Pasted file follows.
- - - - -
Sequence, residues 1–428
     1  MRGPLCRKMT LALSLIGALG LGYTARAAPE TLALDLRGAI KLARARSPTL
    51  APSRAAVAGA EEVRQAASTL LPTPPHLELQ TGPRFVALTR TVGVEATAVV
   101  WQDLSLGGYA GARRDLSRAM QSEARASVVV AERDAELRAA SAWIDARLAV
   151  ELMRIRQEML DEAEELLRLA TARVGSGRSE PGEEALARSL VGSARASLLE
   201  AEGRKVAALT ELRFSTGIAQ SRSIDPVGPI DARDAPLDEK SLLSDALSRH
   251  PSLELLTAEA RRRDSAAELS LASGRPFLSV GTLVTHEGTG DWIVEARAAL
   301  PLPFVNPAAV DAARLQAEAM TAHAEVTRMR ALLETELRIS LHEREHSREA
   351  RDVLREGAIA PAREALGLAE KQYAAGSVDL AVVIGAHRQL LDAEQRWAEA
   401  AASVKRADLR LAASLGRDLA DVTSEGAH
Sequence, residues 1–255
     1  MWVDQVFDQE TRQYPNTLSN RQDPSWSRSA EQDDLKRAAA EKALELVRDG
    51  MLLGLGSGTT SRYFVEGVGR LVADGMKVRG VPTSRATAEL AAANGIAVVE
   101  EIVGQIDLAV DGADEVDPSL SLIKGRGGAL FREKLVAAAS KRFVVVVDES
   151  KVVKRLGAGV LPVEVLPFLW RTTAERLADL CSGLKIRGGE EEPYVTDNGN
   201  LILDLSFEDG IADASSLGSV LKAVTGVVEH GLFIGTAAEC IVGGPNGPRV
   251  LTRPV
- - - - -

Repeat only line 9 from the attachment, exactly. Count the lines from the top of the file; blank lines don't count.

   351  RDVLREGAIA PAREALGLAE KQYAAGSVDL AVVIGAHRQL LDAEQRWAEA